Cablevision would be blocked from importing three advanced Scientific-Atlanta -- owned by Cisco Systems Inc. (Nasdaq: CSCO) since 2006 -- digital set-top boxes that run the MSO's interactive program guide (IPG) and interactive TV programming and advertising services, if Verizon succeeds in a patent-infringement complaint it's filed against Cablevision.
In the complaint, filed Monday at the International Trade Commission, Verizon alleges that Cablevision violated several of its patents by importing the Scientific Atlanta Explorer 4250HD, Explorer 8300HD, and the 4200HD set-top box models. (See Cisco to Acquire Scientific-Atlanta.)
To support its argument, Verizon documents in the complaint attempt to show that Cablevision is using tech patented by the telco for several of its products, including its IPG, video-on-demand (VoD) interface, and interactive advertising products such as Optimum Autos.
Verizon also takes issue with the mosaic program guide that Cablevision offers its iO (Interactive Optimum) subscribers. The mosaic guides, which it built with interactive TV firm ActiveVideo , allow subscribers to view multiple news, sports, and kids channels on a single screen. (See Winter Games Go Interactive… for Some TV Viewers, Cablevision's Interactive Ads Click With Subs, and Cablevision Eyes T-Commerce Launch in 2010, and A Tale of Two Interactive Olympics.)
Cablevision was one of the first cable MSOs that Verizon targeted with its FiOS TV and FiOS Internet products, beginning in 2005. (See Cablevision Still Not Sweating FiOS .)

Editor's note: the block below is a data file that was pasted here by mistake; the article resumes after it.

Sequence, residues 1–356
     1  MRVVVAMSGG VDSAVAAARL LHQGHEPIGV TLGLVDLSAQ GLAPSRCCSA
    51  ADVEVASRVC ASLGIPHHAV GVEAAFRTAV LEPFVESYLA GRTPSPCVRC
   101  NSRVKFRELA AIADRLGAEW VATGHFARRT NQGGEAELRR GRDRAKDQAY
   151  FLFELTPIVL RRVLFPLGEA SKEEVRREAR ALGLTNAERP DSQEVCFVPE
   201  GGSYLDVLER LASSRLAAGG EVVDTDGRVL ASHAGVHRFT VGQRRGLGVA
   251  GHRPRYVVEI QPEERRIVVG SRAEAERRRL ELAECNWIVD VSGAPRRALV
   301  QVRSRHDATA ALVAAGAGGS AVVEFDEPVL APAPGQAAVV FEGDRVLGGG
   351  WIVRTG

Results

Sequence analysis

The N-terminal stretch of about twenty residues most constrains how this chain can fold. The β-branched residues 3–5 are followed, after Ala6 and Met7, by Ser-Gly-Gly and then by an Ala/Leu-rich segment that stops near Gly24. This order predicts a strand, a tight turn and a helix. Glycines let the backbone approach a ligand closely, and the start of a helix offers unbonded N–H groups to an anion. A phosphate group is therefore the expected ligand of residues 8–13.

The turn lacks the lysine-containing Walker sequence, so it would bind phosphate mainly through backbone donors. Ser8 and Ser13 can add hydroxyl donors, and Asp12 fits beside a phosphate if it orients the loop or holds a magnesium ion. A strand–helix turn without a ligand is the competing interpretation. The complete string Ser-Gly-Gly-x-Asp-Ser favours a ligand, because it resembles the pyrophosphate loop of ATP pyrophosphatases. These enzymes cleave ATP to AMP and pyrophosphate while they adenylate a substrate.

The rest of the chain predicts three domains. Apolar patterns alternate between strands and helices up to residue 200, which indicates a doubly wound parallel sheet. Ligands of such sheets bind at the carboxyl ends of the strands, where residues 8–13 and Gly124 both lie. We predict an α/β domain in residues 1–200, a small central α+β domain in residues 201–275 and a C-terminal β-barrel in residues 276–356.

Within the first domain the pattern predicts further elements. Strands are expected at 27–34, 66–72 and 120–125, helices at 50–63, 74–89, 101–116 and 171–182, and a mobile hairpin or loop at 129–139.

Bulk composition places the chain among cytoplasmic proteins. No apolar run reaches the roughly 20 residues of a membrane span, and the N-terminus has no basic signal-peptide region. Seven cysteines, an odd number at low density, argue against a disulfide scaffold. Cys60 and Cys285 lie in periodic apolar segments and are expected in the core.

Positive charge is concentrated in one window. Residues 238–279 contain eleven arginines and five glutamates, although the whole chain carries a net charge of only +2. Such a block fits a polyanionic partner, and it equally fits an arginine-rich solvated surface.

In the ITC complaint, Verizon alleges that Cablevision is using five of its patents without authorization to compete directly with FiOS TV. “This is causing immediate and irreparable harm to Verizon’s business,” Verizon states in the complaint.
Verizon has launched several interactive TV features, including a widget bazaar. Verizon also allows subscribers access to social networks like Facebook and Twitter Inc. through its FiOS TV set-tops. While Cablevision doesn’t yet offer its subscribers access to social networks, the company distributes an advanced interactive program guide through software running on Scientific Atlanta/Cisco boxes, and Verizon is taking issue with these functions in its ITC complaint. (See Verizon Adds Twitter, Facebook to FiOS.)
In a statement issued Tuesday, Cablevision said it plans a rigorous defense. "It is becoming increasingly clear that Verizon is having difficulty competing on the merits in the marketplace, so they are resorting to filing lawsuits and pursuing regulatory bailouts,” Cablevision states.
The five Verizon patents it's including in the complaint involve technology for delivering video over communications networks and enabling content and data services through a set-top. Its '293 patent describes a set-top box operating system, and its '979 patent describes a dynamically programmable set-top box that can be updated with software support for additional functionality.
Its '748 patent describes a set-top box that can be used to access content on the Internet, and its '078 patent covers set-top technology that “allows users to navigate available programs by channel, and through the selection of an anchor channel, by category.”
— Steve Donohue, Special to